The Dark Underbelly of the Lottery
Lottery is the most popular form of gambling in America. People spend upward of $100 billion on tickets every year, and state lotteries claim to be a great way to raise revenue for everything from schools to highways. But just how much of that money ends up helping children, and whether it’s a good trade-off for those who lose money on their ticket purchases, are open to debate. And while it’s easy to assume that the lottery is a morally harmless pastime, the reality is that it has a dark underbelly.
For most of American history, state lotteries were seen as a morally legitimate way to raise money. After all, states needed money to fund larger social safety nets, and they wanted to do it without the need for onerous taxes on middle- and working-class families. Then came the 1960s, and a tectonic shift occurred. With the growing cost of a war and the emergence of inflation, states began to see that their old model for generating revenue was no longer sustainable, and they turned to more direct means of taxing citizens.
As a result, the lottery became more commonplace in the United States. State legislatures legalized it as a monopoly, established an agency or public corporation to run it, and started operations with a modest number of relatively simple games. From there, the trend has been for lotteries to progressively expand in size and complexity.
The odds of winning a lottery are actually quite low, but that doesn’t stop people from trying to beat the odds and win big. They’re driven by a combination of FOMO (fear of missing out) and a meritocratic belief that if they play enough, they’ll eventually be rich. To get those odds down, some states have even increased or decreased the number of balls used in the drawing.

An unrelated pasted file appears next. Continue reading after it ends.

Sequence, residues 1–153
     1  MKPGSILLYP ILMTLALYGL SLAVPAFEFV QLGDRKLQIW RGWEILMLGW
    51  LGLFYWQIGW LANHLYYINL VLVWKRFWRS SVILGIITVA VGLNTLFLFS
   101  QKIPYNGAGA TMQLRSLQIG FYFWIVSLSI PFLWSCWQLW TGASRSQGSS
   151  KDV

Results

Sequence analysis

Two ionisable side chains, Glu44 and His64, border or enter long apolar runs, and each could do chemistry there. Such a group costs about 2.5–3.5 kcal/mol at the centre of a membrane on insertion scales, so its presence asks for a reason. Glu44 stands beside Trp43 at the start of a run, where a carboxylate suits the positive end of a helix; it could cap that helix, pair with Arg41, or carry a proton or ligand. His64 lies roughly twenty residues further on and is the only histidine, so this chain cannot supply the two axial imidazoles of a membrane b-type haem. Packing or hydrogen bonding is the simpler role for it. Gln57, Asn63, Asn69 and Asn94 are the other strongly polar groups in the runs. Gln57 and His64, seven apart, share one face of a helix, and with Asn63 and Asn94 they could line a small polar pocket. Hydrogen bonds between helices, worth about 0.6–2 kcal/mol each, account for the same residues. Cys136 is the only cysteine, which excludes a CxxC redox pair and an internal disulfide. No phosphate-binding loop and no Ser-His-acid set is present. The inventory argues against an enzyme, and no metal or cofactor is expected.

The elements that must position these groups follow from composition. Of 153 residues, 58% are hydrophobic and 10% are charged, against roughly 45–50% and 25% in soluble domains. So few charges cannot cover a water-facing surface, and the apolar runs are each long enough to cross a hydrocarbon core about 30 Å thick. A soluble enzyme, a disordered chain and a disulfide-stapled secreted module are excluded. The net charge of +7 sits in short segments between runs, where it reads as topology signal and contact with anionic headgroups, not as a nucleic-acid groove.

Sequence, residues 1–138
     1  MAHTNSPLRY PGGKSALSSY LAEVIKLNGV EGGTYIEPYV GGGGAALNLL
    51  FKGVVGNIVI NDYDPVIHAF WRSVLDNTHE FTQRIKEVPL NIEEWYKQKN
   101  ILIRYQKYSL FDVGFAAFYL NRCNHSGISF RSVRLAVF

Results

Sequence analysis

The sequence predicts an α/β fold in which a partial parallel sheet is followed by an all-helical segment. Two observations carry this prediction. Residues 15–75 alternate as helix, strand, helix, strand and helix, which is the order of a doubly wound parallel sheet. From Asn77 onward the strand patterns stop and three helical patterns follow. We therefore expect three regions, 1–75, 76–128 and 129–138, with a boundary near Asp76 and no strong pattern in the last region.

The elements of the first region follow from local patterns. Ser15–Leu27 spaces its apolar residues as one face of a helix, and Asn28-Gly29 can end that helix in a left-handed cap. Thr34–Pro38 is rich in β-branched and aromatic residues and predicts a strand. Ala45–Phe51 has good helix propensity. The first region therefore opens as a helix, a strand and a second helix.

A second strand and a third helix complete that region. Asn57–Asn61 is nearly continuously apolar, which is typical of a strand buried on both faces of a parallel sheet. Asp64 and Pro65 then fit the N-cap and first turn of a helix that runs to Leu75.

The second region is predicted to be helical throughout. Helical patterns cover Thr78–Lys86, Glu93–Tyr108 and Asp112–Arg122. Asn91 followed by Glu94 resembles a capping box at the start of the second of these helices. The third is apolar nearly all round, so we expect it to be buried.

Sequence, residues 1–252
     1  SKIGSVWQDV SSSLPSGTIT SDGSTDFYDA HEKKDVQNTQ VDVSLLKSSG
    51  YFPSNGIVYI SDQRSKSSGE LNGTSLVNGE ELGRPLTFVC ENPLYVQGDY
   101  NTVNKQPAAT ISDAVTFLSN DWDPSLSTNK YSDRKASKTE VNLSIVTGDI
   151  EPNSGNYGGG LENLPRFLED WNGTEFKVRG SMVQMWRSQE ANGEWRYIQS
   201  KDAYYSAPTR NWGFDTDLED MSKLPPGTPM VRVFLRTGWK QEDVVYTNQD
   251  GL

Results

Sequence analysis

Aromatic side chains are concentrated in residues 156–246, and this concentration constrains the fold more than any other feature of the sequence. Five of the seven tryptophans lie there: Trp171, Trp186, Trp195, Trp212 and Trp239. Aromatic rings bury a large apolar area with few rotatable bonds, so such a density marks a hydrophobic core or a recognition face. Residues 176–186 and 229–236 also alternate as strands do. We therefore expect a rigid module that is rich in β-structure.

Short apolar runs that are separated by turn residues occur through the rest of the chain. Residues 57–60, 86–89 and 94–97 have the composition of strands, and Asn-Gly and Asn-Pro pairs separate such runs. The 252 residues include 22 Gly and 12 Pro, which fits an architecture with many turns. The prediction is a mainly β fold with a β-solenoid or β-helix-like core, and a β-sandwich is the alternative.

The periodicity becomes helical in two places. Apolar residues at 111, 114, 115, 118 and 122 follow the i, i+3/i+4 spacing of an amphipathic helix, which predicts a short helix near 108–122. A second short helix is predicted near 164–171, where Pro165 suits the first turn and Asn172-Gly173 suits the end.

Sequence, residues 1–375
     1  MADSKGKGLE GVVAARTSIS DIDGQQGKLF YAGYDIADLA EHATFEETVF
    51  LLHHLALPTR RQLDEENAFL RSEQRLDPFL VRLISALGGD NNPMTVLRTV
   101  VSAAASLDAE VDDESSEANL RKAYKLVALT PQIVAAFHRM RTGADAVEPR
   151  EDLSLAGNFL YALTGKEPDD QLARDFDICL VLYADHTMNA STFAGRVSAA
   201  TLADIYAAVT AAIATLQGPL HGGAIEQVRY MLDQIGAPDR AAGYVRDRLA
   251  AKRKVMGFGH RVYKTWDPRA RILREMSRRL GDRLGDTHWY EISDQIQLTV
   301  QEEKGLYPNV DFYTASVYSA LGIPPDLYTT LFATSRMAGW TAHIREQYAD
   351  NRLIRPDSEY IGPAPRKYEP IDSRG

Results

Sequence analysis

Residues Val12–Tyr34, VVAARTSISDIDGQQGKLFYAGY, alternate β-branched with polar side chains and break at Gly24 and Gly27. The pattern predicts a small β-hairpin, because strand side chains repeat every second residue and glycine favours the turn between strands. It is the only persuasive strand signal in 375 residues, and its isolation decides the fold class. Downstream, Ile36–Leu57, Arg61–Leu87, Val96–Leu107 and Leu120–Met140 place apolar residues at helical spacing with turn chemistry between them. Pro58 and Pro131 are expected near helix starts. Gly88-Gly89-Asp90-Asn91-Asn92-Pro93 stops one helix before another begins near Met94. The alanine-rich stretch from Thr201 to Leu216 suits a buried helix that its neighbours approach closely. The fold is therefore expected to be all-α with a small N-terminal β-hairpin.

Those who are lucky enough to win a lottery prize may find that their newfound wealth can quickly deplete the savings and assets they’ve worked hard for. In fact, many lottery winners end up worse off than before they won the jackpot. So while the lottery is technically legal and doesn’t appear to cause any major harm, it still promotes gambling and could be harmful for certain groups of people, including the poor and problem gamblers.
Lottery advertisements also convey a message that winning the lottery is a good thing to do, that it’s like “doing your civic duty,” or that you’re helping the kids or something. This is a misleading message, because it obscures the regressivity of the lottery and glosses over the fact that it’s really a tax on middle-class families. In addition, lottery players are disproportionately drawn from lower-income neighborhoods. It’s a form of income-based discrimination that deserves scrutiny. Ultimately, it’s time for a change in how states view their lotteries. They need to recognize that they are a form of taxation and that the costs outweigh the benefits, especially for those most vulnerable to gambling addiction.